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Are you happy in the East Timor?

Hello everyone!

According to the 2016 UN World Happiness Survey, Denmark, Switzerland and Iceland are the happiest countries on earth.

How about you? Are you happy in the East Timor? Do you feel happier today in your host country than before in your home country? What has contributed to the change?

In your opinion, are locals in the East Timor happy? How can you tell?

Please share your experience!

Priscilla :

Hello everyone!

According to the 2016 UN World Happiness Survey, Denmark, Switzerland and Iceland are the happiest countries on earth.

How about you? Are you happy in the East Timor? Do you feel happier today in your host country than before in your home country? What has contributed to the change?

In your opinion, are locals in the East Timor happy? How can you tell?

Please share your experience!

Hi Priscilla,

I saw your posting last year, but did not reply immediately.

If you would allow me to give my delayed response, I would like to share with you my opinion.

First of all, if I may be so blunt in answering your question concerning whether or not I am happy in East Timor; the answer is BIG NO. No, I am not happy living in this country. I can honestly say that I don't feel happier here than in my home country. The people are very rude and unwelcoming. Many places that I have gone to (restaurants, etc) they are not friendly. They hardly smile at me. Sometimes, I get a feeling that the don't like or even hate foreigners. Or, they might even think that they will not need foreigners and if possible they would like to kick all of foreigners out of this country. Well, in a way I cannot blame them. In the past, they have been colonized, tortured, killed, then manipulated, taken advantage by foreigners. The have probably come to a point of becoming Xenophobia.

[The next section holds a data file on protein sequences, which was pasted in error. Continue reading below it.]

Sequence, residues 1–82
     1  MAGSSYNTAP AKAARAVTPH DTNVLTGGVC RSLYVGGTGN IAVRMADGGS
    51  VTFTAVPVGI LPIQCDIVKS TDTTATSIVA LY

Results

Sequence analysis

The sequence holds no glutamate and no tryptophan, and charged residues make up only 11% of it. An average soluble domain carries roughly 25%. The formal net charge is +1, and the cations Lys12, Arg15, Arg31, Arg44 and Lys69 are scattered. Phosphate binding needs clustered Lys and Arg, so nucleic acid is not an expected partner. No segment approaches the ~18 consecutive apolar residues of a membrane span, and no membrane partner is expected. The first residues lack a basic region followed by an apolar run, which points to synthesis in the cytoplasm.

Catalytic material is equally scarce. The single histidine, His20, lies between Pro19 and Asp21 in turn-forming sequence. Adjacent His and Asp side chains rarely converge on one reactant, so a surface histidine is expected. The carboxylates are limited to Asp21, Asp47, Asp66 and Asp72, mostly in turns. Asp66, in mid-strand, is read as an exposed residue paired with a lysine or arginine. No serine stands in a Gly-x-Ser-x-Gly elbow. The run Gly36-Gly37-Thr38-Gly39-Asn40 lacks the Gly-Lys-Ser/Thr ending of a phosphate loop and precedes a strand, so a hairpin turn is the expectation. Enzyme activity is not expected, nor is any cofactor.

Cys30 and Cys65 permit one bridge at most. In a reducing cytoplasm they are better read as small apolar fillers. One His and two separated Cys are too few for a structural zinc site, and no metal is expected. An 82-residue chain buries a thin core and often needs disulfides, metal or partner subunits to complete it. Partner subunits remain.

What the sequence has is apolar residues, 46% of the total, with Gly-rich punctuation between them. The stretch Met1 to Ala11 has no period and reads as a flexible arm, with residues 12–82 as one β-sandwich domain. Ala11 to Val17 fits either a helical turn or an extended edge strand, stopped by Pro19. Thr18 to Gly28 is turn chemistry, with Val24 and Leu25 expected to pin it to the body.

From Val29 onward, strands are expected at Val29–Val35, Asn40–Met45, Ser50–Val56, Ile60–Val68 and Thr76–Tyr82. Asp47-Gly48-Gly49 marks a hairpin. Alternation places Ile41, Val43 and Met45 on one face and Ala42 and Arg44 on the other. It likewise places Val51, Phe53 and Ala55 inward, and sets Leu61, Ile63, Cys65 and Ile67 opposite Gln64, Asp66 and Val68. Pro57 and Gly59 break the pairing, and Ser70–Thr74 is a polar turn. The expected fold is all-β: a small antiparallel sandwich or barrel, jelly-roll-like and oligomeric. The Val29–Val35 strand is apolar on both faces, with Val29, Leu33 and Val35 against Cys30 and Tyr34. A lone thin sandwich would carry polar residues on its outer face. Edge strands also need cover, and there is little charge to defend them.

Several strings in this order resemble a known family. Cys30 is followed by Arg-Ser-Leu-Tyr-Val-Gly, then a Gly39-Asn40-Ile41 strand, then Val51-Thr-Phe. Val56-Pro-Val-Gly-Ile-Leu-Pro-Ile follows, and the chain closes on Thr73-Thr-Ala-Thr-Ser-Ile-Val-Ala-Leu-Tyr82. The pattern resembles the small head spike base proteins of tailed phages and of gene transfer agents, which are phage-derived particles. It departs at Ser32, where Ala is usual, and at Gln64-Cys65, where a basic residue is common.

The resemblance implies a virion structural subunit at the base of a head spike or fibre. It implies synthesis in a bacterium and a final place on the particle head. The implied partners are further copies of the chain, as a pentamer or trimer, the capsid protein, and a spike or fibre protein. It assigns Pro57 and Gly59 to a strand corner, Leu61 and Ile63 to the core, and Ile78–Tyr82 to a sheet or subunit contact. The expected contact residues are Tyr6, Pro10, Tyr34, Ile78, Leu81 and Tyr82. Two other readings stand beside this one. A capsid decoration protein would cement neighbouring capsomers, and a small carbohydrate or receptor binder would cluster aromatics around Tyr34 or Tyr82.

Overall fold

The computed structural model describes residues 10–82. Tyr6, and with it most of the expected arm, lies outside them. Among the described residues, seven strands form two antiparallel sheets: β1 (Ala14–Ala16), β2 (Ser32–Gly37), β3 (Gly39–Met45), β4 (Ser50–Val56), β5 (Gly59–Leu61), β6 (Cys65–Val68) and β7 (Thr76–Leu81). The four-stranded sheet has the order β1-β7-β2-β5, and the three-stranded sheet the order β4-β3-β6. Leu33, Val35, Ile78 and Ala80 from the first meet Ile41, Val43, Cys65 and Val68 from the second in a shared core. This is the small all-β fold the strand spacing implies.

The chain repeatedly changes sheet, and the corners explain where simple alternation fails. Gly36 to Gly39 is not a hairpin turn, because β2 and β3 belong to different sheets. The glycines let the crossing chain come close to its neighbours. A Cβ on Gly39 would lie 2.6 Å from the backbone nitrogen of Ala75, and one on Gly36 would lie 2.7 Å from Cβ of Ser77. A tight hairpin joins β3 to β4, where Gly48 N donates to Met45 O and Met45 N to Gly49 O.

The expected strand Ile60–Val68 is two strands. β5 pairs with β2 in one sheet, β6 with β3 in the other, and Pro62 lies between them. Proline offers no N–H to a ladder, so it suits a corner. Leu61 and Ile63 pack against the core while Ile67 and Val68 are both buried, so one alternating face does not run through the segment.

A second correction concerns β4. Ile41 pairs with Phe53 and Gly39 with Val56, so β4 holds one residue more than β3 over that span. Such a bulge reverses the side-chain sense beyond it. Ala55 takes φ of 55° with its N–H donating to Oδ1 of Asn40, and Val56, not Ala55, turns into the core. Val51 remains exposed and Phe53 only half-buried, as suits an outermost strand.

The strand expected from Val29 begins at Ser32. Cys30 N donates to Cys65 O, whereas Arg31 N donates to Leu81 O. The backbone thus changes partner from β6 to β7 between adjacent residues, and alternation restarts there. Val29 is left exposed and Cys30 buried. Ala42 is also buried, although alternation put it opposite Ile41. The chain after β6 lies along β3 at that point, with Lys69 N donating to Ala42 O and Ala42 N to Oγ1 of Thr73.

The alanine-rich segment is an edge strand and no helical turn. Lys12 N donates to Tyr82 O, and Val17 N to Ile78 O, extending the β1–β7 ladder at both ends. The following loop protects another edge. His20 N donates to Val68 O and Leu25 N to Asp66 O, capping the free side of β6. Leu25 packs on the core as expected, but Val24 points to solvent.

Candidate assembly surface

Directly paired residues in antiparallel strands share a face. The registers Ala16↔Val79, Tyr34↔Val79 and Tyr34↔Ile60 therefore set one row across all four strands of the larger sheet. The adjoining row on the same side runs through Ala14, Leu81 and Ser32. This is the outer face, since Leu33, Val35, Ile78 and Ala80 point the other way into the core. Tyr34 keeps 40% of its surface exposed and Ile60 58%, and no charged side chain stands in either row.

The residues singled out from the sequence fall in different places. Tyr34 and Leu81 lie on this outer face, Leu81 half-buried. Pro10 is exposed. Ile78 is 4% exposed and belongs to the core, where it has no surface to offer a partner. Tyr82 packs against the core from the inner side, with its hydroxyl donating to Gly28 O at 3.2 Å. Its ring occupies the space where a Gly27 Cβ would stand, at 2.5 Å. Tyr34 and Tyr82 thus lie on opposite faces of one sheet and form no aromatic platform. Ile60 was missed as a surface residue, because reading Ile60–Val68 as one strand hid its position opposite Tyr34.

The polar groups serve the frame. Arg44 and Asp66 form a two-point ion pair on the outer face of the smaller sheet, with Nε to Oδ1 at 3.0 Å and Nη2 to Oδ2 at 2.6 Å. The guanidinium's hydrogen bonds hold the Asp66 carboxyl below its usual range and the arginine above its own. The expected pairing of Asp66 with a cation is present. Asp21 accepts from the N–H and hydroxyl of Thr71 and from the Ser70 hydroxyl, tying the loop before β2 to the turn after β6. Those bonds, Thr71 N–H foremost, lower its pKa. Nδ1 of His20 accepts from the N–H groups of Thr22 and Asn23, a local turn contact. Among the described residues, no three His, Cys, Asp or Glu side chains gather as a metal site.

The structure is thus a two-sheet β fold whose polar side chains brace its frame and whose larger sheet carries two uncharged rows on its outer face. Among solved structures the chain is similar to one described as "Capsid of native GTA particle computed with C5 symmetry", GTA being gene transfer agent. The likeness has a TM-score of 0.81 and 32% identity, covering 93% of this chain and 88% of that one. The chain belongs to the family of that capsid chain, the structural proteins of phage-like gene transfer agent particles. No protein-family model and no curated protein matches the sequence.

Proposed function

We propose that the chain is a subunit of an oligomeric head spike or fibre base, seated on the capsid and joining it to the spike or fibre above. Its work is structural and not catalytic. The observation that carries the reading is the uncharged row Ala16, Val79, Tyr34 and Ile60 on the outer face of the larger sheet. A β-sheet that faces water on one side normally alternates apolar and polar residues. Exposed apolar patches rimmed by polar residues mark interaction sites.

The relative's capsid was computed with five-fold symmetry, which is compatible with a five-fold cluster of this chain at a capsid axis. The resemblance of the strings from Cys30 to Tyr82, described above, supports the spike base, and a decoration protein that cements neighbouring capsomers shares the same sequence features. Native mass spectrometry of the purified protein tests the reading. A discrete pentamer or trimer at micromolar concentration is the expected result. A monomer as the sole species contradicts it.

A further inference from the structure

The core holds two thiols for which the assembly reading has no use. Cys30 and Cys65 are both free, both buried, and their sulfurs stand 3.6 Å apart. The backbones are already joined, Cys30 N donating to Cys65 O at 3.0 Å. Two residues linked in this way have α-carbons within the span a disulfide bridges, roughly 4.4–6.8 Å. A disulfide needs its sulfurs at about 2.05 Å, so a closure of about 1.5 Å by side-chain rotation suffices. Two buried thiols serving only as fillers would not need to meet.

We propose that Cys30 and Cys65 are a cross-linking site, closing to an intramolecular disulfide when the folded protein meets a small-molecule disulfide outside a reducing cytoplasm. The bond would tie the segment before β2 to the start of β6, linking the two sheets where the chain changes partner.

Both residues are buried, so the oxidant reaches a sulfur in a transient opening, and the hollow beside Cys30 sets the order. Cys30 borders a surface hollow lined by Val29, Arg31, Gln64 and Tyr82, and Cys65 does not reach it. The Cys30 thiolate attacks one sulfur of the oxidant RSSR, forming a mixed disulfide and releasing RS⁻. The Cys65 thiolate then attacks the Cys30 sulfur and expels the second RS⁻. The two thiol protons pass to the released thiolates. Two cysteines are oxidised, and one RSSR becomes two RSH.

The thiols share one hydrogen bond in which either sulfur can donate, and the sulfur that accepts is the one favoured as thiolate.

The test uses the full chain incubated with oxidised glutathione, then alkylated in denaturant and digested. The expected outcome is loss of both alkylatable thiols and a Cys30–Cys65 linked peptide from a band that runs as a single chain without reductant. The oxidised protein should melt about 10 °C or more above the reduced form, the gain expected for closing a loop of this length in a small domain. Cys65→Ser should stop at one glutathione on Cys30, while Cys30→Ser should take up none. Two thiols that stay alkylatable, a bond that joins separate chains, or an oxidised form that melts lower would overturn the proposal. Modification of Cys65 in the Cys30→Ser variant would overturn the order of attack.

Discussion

In my opinion, the locals seem to be quite happy. They have been told by their government that they are on the way to becoming a much better nation, and prosperous one. However, their dependence on oil will lead to their own demise. One day, when their oil resources have dried up, they will have nothing else left to live on. That's the time when they will really experience a huge problem.

I was based in Timor-Leste around year 2010. At that time the United Nations was still around. I felt happy during my stay in Dili (the capital)

There was also a small Singapore community (i'm from the Lion City) when i was there and we celebrated our National Days together.

I think people in Timor are generally happy and hope for democratic progress in their country (which is sometimes divided)

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